(4) After any objection to the judge has been disposed of, the judge shall:

  1. take the oath prescribed in article 112.16 (Oath to be Taken by Judge Presiding at Court Martial);
  2. swear the court reporter (see article 112.18 – Oath to be Taken by Court Reporter); and
  3. if it is proposed to have an interpreter and if there is no objection to the interpreter (see article 112.15 – Objection to Interpreter), swear the interpreter (see article 112.19 – Oath to be Taken by Interpreter).

(5) After the oaths have been taken:

  1. the prosecutor shall read the charge sheet;
  2. the accused may object to the trial being proceeded with (see article 112.24 – Pleas in Bar of Trial);
  3. the accused may apply for further particulars on the ground that the accused is unable to properly prepare a defence because the particulars of a charge are inadequate or are not set out with sufficient clarity and the judge, if satisfied that the further particulars are necessary to ensure a fair trial, may so order;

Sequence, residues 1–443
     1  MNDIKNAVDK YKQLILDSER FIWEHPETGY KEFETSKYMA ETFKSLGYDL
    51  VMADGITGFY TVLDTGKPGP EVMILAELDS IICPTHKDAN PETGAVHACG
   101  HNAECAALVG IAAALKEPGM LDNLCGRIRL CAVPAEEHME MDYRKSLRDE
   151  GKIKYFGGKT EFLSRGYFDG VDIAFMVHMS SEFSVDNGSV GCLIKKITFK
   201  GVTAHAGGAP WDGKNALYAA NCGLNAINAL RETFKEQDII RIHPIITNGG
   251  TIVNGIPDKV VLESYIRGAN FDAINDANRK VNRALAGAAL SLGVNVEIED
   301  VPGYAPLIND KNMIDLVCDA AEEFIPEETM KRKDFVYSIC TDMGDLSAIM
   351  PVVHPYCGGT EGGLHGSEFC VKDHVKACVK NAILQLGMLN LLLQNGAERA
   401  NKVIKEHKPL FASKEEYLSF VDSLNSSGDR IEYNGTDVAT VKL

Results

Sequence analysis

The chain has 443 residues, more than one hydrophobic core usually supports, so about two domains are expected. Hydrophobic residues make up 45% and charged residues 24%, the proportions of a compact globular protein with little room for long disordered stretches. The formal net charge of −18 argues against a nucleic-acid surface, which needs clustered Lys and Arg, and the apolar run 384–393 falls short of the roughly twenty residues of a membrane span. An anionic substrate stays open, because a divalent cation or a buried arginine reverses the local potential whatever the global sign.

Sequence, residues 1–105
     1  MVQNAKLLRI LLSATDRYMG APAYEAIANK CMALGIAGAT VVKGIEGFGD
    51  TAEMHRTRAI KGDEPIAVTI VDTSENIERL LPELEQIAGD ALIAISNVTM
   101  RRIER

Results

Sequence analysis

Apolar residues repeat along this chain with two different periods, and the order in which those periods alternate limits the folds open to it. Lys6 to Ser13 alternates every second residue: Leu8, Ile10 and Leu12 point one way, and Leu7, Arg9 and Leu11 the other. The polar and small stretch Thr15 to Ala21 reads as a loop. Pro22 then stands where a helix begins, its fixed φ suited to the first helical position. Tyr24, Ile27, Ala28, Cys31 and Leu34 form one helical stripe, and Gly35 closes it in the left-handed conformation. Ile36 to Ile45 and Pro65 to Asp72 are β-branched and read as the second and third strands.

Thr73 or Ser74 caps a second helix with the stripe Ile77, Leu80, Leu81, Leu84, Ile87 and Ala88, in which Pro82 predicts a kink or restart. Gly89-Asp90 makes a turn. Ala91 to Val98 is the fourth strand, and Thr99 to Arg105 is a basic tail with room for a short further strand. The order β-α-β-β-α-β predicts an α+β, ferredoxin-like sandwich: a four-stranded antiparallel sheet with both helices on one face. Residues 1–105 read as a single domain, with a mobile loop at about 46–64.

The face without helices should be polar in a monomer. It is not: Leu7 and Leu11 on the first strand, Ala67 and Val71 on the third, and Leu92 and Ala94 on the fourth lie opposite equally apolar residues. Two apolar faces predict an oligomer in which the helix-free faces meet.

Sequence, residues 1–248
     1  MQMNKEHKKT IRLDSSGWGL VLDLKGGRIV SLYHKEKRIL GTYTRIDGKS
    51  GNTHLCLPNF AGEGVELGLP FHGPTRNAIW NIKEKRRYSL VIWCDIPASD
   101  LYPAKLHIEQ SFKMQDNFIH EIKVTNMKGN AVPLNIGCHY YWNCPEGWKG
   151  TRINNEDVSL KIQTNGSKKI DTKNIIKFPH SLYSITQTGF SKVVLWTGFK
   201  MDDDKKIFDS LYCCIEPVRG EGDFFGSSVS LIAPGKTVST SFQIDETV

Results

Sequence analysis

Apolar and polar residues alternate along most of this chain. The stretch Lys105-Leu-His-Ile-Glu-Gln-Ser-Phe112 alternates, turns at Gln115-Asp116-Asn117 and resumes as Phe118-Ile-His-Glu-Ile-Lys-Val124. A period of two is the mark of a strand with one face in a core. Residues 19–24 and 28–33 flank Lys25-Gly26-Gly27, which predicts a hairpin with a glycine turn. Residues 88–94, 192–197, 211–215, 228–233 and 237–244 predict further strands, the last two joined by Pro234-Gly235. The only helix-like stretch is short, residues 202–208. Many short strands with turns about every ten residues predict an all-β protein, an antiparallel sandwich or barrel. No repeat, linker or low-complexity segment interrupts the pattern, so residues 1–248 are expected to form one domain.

4. where a charge sheet contains more than one charge, the court may, if it considers the interests of justice require it, proceed with separate trials and direct the order in which those trials shall be held; and
  5. the judge may, on application by the prosecutor or the accused person, hear and determine any questions of law or mixed law and fact (in the case of a General Court Martial, see paragraph 112.07(1) – Questions of Law or Mixed Law and Fact – General Court Martial). (18 July 2008)